Voodoo PC OMEN a121x CrossFire Extreme Gamer PC

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Splinter Cell Chaos Theory & Quake 4

Splinter Cell Chaos Theory is a game that definitely can tax single GPU architectures, but multi-GPU setups have a fairly easy time with it.  The game engine also seems to heavily favor ATI's core GPU at the moment as well. 

Performance Comparisons with Splinter Cell: Chaos Theory v1.05
DirectX 9 and Shader Model 3.0

SC: Chaos Theory
Based on a heavily modified version of the Unreal Engine, enhanced with a slew of DX9 shaders, lighting and mapping effects, Splinter Cell: Chaos Theory is gorgeous with its very immersive, albeit dark, environment. The game engine has a shader model 3.0 code path that allows the GeForce 6 & 7 Series of cards and the X1000 family of cards to really shine, and a recent patch has implemented a shader model 2.0 path for ATI's X8x0 generation of graphics hardware. For these tests we enabled the SM 3.0 path on all of the cards we tested. However, High Dynamic Range rendering was disabled so that we could test the game with anti-aliasing enabled (a future patch should enable AA with HDR on the X1K family). We benchmarked the game at a resolution of 1600 x 1200 with 4X AA and 16X anisotropic filtering enabled.

With Splinter Cell:CT, the game still exhibits a fair amount of GPU dependency and the two CrossFire-based systems pull out 25-30 fps better frame rates than our GeForce 7900 GTX SLI setup.  The Voodoo OMEN system doesn't get to stretch its legs too much though and only beats our standard FX-60 test-bed by a few extra frames. 

Performance Comparisons with Quake 4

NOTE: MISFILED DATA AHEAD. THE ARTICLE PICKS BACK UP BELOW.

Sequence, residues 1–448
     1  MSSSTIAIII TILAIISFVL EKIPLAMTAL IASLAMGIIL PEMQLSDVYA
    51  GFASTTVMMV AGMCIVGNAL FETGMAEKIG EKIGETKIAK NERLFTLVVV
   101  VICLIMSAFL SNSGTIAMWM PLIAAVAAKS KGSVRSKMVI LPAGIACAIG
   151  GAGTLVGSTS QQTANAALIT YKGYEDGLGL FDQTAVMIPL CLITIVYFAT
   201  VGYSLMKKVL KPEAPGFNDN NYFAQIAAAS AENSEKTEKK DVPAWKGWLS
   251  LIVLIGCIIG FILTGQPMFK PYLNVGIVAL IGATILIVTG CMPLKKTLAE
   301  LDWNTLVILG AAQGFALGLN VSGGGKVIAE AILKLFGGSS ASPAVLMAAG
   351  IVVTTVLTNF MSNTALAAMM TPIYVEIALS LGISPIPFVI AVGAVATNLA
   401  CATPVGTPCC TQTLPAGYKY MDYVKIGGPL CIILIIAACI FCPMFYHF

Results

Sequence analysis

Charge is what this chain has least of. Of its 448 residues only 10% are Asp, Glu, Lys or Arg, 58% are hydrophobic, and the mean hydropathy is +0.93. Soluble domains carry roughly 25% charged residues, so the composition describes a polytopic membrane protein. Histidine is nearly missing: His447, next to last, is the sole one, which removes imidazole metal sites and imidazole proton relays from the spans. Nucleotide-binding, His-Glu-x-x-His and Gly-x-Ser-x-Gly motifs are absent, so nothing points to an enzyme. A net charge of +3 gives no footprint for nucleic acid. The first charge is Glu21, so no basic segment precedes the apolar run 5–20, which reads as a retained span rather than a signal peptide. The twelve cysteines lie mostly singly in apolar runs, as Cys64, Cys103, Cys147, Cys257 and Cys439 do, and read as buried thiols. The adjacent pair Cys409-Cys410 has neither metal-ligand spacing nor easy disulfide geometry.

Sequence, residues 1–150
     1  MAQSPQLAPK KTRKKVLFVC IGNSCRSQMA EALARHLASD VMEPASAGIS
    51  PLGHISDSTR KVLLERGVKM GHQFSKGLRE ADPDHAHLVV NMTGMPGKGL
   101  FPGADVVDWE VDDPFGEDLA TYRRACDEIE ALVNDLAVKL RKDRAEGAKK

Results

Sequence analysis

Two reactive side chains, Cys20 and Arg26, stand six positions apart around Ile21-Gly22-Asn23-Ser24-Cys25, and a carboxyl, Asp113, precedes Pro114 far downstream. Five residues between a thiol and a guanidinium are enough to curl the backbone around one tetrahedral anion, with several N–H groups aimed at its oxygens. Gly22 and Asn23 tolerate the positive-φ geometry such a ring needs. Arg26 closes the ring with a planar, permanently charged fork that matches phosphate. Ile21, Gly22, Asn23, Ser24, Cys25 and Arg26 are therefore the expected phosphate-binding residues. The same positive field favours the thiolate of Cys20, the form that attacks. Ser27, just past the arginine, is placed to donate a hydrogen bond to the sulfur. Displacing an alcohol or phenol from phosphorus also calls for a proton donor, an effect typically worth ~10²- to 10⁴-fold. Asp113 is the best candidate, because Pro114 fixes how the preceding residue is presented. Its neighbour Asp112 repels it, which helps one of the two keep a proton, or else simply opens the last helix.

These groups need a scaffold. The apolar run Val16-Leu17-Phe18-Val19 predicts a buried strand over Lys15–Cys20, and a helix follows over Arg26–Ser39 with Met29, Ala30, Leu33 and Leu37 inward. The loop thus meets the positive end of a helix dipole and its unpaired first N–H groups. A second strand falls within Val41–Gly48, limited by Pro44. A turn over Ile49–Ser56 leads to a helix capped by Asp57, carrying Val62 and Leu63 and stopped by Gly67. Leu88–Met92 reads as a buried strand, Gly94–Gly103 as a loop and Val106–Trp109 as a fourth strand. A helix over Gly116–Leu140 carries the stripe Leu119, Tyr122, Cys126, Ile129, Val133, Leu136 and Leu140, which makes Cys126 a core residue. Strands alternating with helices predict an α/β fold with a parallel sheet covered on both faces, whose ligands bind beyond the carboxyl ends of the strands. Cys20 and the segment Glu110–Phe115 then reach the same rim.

OpenGL Quad-Damage

Quake 4
id Software, in conjunction with developer Raven, recently released the latest addition to the wildly popular Quake franchise, Quake 4. Quake 4 is based upon an updated and slightly modified version of the Doom 3 engine, and as such performance characteristics between the two titles are very similar.  Like Doom 3, Quake 4 is also an OpenGL game that uses extremely high-detailed textures and a ton of dynamic lighting and shadows, but unlike Doom3, Quake 4 features some outdoor environments as well. We ran this Quake 4 benchmark using a custom timedemo with the game set to its "High-Quality" mode at a resolution of 1600 x 1200 with 4X AA and 8X aniso enabled simultaneously.

If ever there was an Achilles' heel for ATI, OpenGL would have to be it.  Here, both the OMEN CrossFire and our reference CrossFire X1900 XT system fall victim to NVIDIA's 7900GTX SLI setup.  That's not to say that things weren't playable by any means though.  80+ fps is more than enough to get you by and at a 1600x1200 resolution with 4X AA and high quality AF on, the visuals are very impressive.  The OMEN's factory tweaked overclock doesn't afford it much here in this test, however.


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